Frankfurt Airport & Bike Boxes - CycleBlaze

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Frankfurt Airport & Bike Boxes

Bob Raynard

For years my wife and I have bought bike boxes at Frankfurt airport to ship our bikes home.  It was convenient, and the boxes were of adequate size.  Although not very sturdy, the boxes got our bikes home with minimal damage.

On our last trip, we realized the boxes had undergone a redesign, and are smaller and even less sturdy.  The box now gets sealed on the end rather than the top/bottom, meaning there is now only one layer of cardboard on the top and bottom.  (Watch your forks dig into that tiny layer of cardboard as you try to slide your bike in.  Height and length remain very satisfactory, but the box is so narrow that it is touch and go if a bike with wide forks or bottom bracket will even fit without distorting the box.  There is not room for your front wheel to slide into the box after your bike is in.  The wheel has to slide in with the rest of your bike. 

Once we had our bikes sealed up in their boxes, we put them on a luggage cart and my wife's box sagged over the rails of the luggage cart, the bottom was so flimsy.

When we sealed the boxes, I noticed that they no longer had handhold holes in them.  Naïve me, I was encouraged by their absence; it took out the weak point the holes create, and without them the boxes are awkward enough it will take two people to carry them.

Ha!  Silly me!  Based on the holes in the boxes, it would appear the baggage handlers have learned they can just punch, or cut, their own hole in the box and carry them that way.  Alternately, they  can just drag your box - quite a way if the amount my wife's handlebar coupling was ground down is an indicator.  When we got home my wife's bike needed a new rotor for her front brake it was bent so bad.

From this I learned two things.  First, try to avoid buying these inadequate boxes at FRA.  If your hotel will store the box you flew your bikes over with, that would be great.  If not, we have dealt with Fahrrad Kuchler in Morfelden, just south of the airport, on another matter, and can report they are used to catering to cycle touring foreigners, and speak excellent English.  When I asked the fellow we dealt with last week (Wolfgang) about using one of their bike boxes, his greatest concern was the large size of the boxes he had on hand, so you will want to know how large a bike box your airline will carry.  Air Canada uses the sum of the height width and length.  Remember, in Europe they only work in centimetres.  Wolfgang indicated that they routinely put bike boxes in cargo taxis to people's hotels.  (But not the airport, it is too hard to connect with people)

If you want to email Fahrrad Kuchler, go to their website and use the email form you find there.  Before I made contact with Fahrrad Kuchler I emailed several other bike shops and heard nothing, and emailing Kuchler likewise gets no reply.  I believe there is some form of filter that decides an email from North America must be spam.

Unfortunately, Morfelden is not on the same S-Bahn line as the airport, so carrying an empty box on the S-Bahn isn't really very convenient.  The S-Bahn from the airport goes on to Russelshiem, where Alls Fahrrad is a short walk from the S-Bahn station, but I know nothing about them.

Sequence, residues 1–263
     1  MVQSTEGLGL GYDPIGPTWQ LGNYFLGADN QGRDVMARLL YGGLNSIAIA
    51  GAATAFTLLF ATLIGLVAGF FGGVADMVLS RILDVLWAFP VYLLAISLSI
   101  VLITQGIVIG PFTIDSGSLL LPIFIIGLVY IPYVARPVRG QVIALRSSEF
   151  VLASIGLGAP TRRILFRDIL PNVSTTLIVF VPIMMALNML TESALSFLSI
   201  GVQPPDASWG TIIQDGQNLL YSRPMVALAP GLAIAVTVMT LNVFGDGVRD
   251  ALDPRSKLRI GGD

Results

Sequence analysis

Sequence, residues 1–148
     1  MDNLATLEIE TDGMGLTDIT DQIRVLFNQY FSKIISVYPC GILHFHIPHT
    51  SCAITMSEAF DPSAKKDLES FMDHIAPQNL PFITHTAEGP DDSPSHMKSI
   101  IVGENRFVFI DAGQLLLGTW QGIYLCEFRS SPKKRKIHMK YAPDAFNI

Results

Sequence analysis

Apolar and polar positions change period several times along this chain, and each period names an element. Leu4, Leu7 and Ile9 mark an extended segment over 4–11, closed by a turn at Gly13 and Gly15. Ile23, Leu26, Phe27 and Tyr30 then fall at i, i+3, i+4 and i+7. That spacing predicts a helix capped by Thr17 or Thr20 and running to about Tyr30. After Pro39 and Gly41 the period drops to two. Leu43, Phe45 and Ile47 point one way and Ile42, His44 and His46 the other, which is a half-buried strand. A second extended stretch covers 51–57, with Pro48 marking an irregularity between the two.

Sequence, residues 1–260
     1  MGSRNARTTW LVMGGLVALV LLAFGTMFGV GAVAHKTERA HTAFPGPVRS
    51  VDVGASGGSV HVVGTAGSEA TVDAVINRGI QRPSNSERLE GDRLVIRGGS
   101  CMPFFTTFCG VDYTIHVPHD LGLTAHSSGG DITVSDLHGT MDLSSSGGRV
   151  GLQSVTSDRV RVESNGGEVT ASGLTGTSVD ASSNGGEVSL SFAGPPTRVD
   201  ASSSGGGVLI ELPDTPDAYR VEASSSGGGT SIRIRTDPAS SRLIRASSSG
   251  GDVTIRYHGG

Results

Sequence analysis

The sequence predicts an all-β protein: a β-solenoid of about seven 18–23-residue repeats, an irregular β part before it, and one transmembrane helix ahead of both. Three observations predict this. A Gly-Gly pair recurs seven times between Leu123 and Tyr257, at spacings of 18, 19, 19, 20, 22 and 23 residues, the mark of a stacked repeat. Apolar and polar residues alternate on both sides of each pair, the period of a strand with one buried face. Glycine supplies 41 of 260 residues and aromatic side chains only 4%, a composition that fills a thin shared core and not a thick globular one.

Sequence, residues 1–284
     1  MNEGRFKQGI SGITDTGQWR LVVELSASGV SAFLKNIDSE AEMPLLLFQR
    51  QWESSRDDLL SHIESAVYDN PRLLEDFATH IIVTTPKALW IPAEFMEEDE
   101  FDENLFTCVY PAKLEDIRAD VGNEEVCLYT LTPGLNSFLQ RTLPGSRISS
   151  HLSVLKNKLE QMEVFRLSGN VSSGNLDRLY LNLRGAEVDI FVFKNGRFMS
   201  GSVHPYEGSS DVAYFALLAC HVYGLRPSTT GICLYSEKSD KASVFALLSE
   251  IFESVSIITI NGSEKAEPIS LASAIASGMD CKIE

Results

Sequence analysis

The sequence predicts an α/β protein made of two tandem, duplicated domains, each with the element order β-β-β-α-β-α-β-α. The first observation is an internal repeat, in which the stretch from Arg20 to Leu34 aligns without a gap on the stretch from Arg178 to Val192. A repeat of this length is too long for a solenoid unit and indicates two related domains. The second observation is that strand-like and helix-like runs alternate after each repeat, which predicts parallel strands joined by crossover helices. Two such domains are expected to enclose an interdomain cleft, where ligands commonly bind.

My second take away from our unfortunate experience, is that if you have to buy the boxes at the airport, try to rig up some form of handle to tape to the outside of the box.  The purchase price of the box includes a roll of packing tape, so if you can tape some kind of handle to the box, the baggage handlers will use that rather than make their own handles by punching holes in the box, and perhaps they will carry the boxes rather than drag them.

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6 months ago
Brent IrvineTo Bob Raynard

A few years ago I tried something new-to -me. At the end of the tour I picked up a roll of plastic wrap at a grocery store and once the bike was in its box, I wrapped it in the film. Vertically, horizontally... over and over, and around and around for the entire roll. The box was bulletproof. Maybe that would help these boxes.

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6 months ago
Bob RaynardTo Brent Irvine

That is an interesting idea, Brent.  It took me a minute to realize you were referring to plate-sized plastic wrap sold for food preservation.  While I still prefer using a higher quality box, the former science teacher in me is curious about how the baggage handlers would treat a plastic wrapped bike box, one that was no longer possible to just punch a hole through.  I am also wondering if the plastic would provide enough support that it would work to cut hand holds in the plastic wrapped cardboard, giving people an easier way to carry the box.  

If nothing else, the plastic wrapping would result in smaller holes in the box.  In addition to the bike, I also put the front racks that came off, a helmet, and a handlebar bag containing the little bits that came off during the airport disassembly, like pedals, bolts for mounting the front rack and the yoke mounting the handlebars.  As you saw in the photo, the holes were big enough those things could have fallen out in transit.

Sadly, I think the bent rotor on my wife's bike was solely a result of the narrow box.  Even putting the wheel in rotor side in left it vulnerable to being squeezed against the bike frame.  If I ever have to implement your solution I will also take the rotor off at the airport.

At one point there was a small grocery store in the basement of Frankfurt airport, so your soluton could be very easy to implement.

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6 months ago